Arctic Yearbook 2015 - Page 400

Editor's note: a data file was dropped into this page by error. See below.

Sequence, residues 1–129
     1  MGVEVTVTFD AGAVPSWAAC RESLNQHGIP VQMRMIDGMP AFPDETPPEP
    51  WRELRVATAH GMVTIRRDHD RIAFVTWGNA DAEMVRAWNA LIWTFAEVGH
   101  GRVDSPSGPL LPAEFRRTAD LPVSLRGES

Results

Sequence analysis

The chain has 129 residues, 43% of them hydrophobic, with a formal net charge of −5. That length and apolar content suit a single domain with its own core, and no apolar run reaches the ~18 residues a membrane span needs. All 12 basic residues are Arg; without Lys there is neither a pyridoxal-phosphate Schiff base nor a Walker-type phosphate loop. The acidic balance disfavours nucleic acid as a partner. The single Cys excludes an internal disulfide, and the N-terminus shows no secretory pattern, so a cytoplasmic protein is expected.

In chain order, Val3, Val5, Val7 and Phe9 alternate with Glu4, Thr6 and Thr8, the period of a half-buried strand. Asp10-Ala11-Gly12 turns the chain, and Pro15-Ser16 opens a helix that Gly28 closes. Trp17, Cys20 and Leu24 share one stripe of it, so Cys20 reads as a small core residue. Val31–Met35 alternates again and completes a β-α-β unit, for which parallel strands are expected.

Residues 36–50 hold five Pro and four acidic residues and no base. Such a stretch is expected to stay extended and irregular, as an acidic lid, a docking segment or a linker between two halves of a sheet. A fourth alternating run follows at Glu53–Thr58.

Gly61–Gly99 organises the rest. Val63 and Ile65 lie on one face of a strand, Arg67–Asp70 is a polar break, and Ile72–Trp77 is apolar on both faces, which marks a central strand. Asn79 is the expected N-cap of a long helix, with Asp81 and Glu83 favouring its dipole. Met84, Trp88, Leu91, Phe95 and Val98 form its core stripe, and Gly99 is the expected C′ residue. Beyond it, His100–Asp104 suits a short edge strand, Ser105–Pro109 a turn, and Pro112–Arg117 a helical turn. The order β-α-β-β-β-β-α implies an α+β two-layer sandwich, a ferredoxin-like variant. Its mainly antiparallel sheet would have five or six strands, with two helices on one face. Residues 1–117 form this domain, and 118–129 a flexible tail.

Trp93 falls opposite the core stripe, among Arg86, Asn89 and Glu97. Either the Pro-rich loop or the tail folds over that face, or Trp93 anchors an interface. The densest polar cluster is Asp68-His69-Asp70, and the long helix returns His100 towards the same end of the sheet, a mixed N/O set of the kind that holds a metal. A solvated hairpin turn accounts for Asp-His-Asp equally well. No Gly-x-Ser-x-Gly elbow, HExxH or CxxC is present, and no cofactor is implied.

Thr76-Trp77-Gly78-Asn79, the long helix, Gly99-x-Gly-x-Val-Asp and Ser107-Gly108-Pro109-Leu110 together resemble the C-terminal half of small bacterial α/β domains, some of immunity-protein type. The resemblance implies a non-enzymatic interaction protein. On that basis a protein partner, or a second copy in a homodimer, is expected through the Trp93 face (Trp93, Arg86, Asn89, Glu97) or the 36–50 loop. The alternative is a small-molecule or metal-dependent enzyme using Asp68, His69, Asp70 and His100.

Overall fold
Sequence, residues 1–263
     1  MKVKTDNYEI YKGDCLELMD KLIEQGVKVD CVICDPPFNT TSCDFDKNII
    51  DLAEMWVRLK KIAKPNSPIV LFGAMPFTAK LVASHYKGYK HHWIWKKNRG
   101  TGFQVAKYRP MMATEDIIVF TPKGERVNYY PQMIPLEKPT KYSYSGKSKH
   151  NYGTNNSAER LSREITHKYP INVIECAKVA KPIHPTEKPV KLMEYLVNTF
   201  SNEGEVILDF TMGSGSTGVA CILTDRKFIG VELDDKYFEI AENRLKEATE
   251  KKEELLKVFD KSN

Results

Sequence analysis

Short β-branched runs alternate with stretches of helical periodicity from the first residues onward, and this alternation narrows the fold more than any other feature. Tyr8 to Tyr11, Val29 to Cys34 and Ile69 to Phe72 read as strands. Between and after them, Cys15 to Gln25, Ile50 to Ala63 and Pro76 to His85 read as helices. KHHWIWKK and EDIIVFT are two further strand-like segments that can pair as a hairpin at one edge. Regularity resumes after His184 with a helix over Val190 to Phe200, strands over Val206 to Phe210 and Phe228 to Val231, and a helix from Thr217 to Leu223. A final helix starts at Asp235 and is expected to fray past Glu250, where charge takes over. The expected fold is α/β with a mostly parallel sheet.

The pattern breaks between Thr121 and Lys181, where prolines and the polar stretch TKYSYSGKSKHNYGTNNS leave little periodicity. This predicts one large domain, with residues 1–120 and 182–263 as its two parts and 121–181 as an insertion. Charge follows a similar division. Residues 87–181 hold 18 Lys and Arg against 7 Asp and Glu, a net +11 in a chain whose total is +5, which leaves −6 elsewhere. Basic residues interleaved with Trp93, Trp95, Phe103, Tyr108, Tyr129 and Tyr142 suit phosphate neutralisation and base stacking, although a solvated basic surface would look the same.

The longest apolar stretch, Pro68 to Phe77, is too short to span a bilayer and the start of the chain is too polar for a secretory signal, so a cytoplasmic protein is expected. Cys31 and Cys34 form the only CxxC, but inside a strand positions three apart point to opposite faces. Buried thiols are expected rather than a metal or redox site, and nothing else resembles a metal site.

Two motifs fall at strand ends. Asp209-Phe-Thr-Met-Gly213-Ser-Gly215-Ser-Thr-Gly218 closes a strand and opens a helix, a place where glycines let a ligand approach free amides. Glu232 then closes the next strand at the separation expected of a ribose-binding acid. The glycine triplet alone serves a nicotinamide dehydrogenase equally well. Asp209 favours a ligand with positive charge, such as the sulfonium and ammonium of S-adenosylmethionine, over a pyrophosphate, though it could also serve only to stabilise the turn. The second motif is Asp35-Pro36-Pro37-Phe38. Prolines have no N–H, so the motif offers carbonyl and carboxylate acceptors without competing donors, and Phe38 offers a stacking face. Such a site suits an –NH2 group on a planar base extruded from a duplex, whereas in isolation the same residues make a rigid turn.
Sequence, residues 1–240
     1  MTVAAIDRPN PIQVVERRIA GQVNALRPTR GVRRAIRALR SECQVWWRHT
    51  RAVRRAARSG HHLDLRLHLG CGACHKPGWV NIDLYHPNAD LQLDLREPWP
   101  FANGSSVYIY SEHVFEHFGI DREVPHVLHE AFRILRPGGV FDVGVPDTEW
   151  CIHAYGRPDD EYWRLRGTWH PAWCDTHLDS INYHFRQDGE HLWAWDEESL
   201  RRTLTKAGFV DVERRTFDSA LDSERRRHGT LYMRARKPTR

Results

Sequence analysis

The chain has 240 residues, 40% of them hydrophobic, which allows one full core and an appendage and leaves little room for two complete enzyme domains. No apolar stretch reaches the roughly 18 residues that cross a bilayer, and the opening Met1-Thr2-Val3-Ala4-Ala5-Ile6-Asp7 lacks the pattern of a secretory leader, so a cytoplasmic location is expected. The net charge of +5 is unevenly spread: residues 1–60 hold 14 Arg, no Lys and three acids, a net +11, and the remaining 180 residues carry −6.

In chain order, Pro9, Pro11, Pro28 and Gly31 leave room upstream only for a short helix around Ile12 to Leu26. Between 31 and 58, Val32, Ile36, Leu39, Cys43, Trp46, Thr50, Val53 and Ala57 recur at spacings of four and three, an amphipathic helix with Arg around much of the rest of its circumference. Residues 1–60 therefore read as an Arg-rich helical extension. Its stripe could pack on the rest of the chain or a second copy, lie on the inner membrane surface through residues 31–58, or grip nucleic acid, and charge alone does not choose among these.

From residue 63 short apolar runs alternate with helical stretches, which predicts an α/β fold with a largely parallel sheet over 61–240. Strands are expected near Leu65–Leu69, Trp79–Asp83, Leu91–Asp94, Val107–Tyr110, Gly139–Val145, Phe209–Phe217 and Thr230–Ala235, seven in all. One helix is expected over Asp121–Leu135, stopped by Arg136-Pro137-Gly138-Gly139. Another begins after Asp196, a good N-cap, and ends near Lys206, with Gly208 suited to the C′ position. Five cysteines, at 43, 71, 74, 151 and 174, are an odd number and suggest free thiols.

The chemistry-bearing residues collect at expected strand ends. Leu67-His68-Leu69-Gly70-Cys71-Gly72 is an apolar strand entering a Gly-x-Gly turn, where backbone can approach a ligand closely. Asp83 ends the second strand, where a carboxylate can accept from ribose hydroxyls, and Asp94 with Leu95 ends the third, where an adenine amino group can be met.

400 Arctic Yearbook 2015 This is seen for example, in how the Kingdom of Denmark and Russian Federation played, and play, according to the rules of UNCLOS, when they submitted their proposals on the Arctic Ocean’s shelves to the Commission – the proposals compete, the states cooperate. This shows the power of immaterial values, such as peace, human capital and that of cumulative, ‘soft’ methods in politics and governance (which is seen for example, by the self-governing status of Greenland, Nordic devolution, policy-shaping by the Arctic Council, paradiplomacy, and implementation of the interplay between science and politics). These are among the ways that we have managed to maintain the received state of political stability and willingness to cooperate, much needed preconditions for sustaining Arctic research. This goes a long way to demonstrating the social relevance of science, which is also called ‘science diplomacy’, i.e. that science is more than laboratories and theories, it is people, societies, the environment. This includes the interplay between science, politics and economics, and this has been implemented in the Arctic for some time now. The International Meeting of Representatives of the States-Members of the Arctic Council, States-Observers and Foreign Scientific Community is a good example of a platform, where it is both intended to happen, and it is happening. This clearly came out in several presentations and comments, though there was too little time for open discussion (this seems to be a universal ‘bottleneck’ for the sharing of thoughts and ideas), as well as in smaller social contacts during the two days. A new Arctic security and political agenda is emerging due to the reflections of regional wars, the constant warfare against international terror, and flows of globalization, as well as due to ‘Grand challenges’ as main drivers, such as long-range pollution and climate change, and ethical questions concerning mass-scale utilization. Here the Arctic states and their state-owned enterprises will strongly influence future development by choosing either to prioritize business activities only, or adopt a more holistic approach by taking into consideration the commitments to environmental protection and wellbeing of the inhabitants, as the Arctic states promised almost 20 years ago, when the Arctic Council was established. The answer cannot, however, be simply more mass-scale utilization by extractive industries, but also smaller and soft ways, as many Arctic actors have shown being able to be innovative and resilient. For that we need on the one hand, more and deeper interdisciplinary research, and on the other hand, keener cooperation between policy-makers from the Arctic states and the AC Observer states under the auspices of the Arctic Council. Now when the post-Cold War era has come to a close in the Arctic, and the region has becom e a part of global (political, economic, technological, environmental and societal) changes, this is not enough, I am afraid. Hence, it has become more demanding to maintain this stability and strengthen cooperation. We need more meetings, such as the 2015 Archangelsk meeting and the annual Arctic Circle Assembly in Reykjavik, where the interplay between science, politics and economics/business takes place. International Meeting of AC Member States in Arkhangelsk